Doc flees with Billy to the home of Rio and her aunt, Guadalupe (Mimi Aguglia). With a posse after them, Doc rides away. Instead of killing the unconscious Kid, Rio instead nurses him back to health, a process that takes a month. By the time Doc returns, Rio has fallen in love with her patient. Doc is furious that Billy has stolen his girlfriend. After Doc's anger subsides a bit, the Kid gives him a choice: the horse or Rio. To Billy's annoyance, Doc picks the horse. Angered that both men value the animal more than her, Rio fills their canteens with sand. The two ride off without noticing.
On the trail, they find themselves being pursued by Pat and a posse. The pair surmise that Rio tipped the sheriff off. Doc kills a few men from long range, but leaves Pat unharmed.
When Doc wakes up one morning, he finds Billy gone and Pat waiting to handcuff him and take him back. Stopping at Rio's, the two men find that Billy has left Rio tied up in sight of water out of revenge. Suspecting that Billy loves Rio (even if he himself does not realize it) and will return to free her, Pat waits. Sure enough, the Kid comes back and is also captured.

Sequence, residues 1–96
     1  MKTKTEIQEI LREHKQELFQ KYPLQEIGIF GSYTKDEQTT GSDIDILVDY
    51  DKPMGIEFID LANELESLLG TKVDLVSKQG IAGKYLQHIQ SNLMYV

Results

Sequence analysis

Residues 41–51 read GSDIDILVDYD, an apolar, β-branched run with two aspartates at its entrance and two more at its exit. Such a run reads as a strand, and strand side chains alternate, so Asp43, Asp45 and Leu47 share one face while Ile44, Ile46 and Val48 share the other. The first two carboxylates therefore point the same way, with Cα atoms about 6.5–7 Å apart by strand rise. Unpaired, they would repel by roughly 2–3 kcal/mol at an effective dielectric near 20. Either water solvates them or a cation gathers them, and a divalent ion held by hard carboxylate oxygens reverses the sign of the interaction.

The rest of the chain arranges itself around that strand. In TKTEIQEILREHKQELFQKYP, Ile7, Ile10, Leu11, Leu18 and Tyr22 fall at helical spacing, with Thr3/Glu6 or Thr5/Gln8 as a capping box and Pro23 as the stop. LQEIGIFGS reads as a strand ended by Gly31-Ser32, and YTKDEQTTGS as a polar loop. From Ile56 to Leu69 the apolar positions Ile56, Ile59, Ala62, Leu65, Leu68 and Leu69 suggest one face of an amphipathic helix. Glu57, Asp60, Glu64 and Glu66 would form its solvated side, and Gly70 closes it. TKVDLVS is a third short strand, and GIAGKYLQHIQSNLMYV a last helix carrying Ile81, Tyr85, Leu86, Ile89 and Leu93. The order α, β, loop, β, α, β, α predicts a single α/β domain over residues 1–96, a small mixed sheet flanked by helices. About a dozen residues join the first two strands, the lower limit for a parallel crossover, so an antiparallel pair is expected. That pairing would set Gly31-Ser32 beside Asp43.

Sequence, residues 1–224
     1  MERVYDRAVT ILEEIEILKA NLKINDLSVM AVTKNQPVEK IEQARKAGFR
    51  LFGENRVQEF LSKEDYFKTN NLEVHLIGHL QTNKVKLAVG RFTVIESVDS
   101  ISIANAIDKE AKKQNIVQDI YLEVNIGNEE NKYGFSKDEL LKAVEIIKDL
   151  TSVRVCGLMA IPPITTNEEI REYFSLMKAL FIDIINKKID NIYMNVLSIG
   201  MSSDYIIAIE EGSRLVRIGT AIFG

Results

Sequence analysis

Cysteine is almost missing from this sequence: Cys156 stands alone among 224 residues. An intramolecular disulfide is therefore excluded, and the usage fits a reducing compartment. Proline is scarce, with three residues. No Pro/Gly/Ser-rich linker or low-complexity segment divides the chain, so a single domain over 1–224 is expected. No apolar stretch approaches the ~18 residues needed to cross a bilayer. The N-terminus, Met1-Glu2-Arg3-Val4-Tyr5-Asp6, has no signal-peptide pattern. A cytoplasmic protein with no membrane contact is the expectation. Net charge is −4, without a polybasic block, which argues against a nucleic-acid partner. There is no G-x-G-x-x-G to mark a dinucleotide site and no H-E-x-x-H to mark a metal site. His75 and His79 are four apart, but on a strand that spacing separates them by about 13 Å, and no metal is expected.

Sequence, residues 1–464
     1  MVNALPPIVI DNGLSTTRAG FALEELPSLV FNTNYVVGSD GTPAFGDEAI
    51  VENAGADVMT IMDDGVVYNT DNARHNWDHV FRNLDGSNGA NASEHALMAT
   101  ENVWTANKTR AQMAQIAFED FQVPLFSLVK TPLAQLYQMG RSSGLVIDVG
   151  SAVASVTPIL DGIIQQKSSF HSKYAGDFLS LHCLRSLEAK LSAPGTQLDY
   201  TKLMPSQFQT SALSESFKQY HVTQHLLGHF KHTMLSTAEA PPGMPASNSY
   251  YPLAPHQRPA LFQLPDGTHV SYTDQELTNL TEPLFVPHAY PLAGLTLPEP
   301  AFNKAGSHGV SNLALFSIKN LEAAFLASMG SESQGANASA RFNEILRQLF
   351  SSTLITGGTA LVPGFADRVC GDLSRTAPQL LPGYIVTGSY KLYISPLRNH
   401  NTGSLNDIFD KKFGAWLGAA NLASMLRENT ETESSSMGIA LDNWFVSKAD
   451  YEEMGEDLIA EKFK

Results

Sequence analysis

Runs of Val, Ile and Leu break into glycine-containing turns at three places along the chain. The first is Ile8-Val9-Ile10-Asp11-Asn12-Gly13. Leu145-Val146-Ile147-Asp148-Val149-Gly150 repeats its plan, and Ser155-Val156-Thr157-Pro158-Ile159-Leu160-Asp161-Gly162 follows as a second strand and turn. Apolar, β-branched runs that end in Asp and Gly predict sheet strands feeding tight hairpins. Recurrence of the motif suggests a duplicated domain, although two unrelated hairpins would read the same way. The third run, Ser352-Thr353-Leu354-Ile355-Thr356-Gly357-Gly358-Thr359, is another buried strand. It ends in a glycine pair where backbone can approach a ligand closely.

On the way back to town, however, they find hostile Mescaleros all around. Pat reluctantly frees his prisoners and returns their revolvers after extracting a promise from Doc that he will give them back and make Billy do the same. They manage to elude the Indians, but Doc refuses to honor his word.
As Doc tries to leave with his horse, Billy stops him. The two men decide to duel it out, with a pleased Pat expecting Billy to lose. However, as they await the signal (the end of a cuckoo clock signalling eight o'clock), Billy realizes that Doc is a true friend, and moves his hands away from his guns. Doc tries to provoke him, inflicting minor wounds in one hand and both ears, but the Kid still will not fire. The two reconcile. Furious, Pat calls Doc out, despite not having a chance. Doc makes no attempt to shoot his friend and is himself fatally wounded. Pat is aghast.